Debate on compulsory subjects: a country in a computer disaster

Tuehe goes to school in Germany can learn a lot. However, computer skills that would correspond to the pervasive digitalization of everyday life or the world of work will also not be characteristic of the majority of schoolchildren in 2023.

While in Greece, Hungary or Poland, for example, elementary school students already have an independent compulsory subject in computer science in their timetable, in Germany none of the 16 federal states has this. Between the fifth and tenth grades, students take compulsory computer science classes in one federal state: in Mecklenburg-Vorpommern. In Saxony, computer science is an independent compulsory subject from grades 7 to 10.

In a quarter of the Länder, it is still languishing as a national elective, and in another third, an elective offer in computer science for all schoolchildren is not even ready. This conclusion is frightening, and this fear becomes even greater when you consider that expanding the teaching of computer science has been discussed for years, but little has happened and even less has improved.

Computer skills are as important as math

Not that communication with social networks, software, the Internet, laptops or smartphones does not play any role in German schools these days. As a cross-cutting issue, some subjects, and then especially dedicated teachers, take basic informational knowledge in their lessons and try to pass it on to students.

But precisely because digitization has already covered large areas of life and algorithms have made their way into everyday life, cross-divisional placement should not stop there – especially if AI-based applications continue to proliferate, keyword: ChatGPT.

In the information age that has been going on for several decades, computer science knowledge has the same status as mathematical knowledge. And for good reason, the school system doesn’t leave it as a by-product of subjects like physics, chemistry, or economics just because students do arithmetic there from time to time. Whether it’s mandatory or not, there’s one thing that parents and their school-age children shouldn’t hope for: that the country’s information technology emergency will be alleviated too quickly.

On the contrary, by the end of the current decade, poverty may even worsen. This is due to the inertia of the German federal school system. The Saarland, the states of Schleswig-Holstein and Lower Saxony want to introduce computer science as a compulsory subject in their secondary schools from next school year, but only gradually. Until it’s time for all classes, entire cohorts will be leaving school without special knowledge in computer science.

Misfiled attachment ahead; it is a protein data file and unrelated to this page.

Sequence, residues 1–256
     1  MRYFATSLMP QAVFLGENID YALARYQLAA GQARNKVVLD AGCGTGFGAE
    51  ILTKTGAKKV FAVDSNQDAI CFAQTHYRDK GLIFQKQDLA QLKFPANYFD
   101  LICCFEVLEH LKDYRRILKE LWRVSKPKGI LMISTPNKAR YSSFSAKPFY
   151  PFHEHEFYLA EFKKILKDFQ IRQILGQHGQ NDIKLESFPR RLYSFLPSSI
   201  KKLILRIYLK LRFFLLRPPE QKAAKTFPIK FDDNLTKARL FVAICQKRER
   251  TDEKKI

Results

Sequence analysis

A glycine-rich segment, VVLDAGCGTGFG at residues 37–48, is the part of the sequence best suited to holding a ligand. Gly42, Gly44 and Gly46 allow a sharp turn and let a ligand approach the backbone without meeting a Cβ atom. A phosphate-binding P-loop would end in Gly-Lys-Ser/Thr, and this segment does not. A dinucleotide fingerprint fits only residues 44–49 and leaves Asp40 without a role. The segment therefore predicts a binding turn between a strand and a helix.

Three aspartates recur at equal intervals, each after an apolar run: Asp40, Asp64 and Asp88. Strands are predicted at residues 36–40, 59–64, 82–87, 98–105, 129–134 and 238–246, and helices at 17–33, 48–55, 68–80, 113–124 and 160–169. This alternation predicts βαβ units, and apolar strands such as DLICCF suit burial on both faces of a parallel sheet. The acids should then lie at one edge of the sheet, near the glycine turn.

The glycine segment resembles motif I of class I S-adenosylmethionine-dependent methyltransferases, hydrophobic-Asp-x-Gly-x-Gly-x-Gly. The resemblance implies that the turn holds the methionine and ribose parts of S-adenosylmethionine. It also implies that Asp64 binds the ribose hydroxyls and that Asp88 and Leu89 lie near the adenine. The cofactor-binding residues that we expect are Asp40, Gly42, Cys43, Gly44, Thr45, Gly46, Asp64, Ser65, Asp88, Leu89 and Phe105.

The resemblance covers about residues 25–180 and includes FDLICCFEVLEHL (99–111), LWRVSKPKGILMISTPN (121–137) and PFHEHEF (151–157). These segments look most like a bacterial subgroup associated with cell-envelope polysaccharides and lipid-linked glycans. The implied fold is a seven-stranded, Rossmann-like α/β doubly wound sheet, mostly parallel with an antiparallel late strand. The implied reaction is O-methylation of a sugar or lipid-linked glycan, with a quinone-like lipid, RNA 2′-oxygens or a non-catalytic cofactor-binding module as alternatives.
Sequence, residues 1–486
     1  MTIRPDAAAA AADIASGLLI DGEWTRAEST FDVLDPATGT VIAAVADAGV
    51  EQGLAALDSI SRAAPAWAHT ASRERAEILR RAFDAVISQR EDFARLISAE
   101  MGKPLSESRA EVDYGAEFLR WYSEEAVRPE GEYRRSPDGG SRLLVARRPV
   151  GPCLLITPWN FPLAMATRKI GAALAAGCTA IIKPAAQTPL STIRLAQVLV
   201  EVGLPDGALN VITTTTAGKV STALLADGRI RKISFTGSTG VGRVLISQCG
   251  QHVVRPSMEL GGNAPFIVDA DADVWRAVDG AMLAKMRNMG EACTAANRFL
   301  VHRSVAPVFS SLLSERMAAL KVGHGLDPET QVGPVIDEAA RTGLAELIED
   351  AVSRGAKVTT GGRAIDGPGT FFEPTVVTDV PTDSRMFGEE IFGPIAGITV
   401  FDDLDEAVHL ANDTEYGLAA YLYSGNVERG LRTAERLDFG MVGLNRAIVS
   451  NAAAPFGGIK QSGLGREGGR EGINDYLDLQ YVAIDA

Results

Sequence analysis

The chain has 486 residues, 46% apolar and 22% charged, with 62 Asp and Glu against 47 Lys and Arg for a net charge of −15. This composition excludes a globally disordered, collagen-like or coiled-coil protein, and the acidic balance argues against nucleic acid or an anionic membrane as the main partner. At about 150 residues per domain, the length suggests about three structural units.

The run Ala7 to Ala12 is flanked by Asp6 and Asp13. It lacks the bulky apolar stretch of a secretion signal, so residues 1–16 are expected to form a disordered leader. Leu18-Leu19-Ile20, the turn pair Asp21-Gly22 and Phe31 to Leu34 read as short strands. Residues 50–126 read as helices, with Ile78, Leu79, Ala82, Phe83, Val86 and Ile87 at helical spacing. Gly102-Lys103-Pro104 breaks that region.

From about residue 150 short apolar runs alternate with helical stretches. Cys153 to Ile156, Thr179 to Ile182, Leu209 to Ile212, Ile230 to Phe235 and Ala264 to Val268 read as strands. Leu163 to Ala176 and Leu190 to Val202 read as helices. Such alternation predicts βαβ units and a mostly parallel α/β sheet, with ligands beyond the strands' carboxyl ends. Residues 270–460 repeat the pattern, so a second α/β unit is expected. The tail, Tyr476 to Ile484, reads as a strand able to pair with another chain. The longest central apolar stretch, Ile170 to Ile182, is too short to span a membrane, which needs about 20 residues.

Basic rule: Payment is made by data

Added to this is the shortage of teachers. In the MINT subject group in math, computer science, science and technology, it is already large compared to other subject groups, but it is especially striking in computer science. According to the Telekom Foundation’s forecast, North Rhine-Westphalia, for example, will be able to meet only a fraction of the need for IT teachers in secondary schools in the 2030/31 school year. If this scenario does happen, 94 out of 100 IT teacher vacancies advertised in the most populous federal state will remain vacant. The shortage could be just as severe in other federal states, according to the study.

Therefore, anyone who wants to equip their children with computer science knowledge must become active themselves. Initially, this includes asking about one’s own behavior in the digital space – and once again a reminder of the basic rule of the Internet age: if the service or software is free, the user pays with their data – and often is the product itself. .

Even if it sounds too familiar, this awareness is the first step out of informational immaturity through no fault of yours, on the part of parents and children. Another option would be to expand knowledge by legal guardians in the field of computer science, for example through introductory literature. Children and parents could then use special software or applications to playfully lay the foundations of algorithms and programming. You can end up with a paid course. All this costs money and time, tedious, but at the same time it makes sense – and maybe even fun.

Source: Frantfurter Allgemeine

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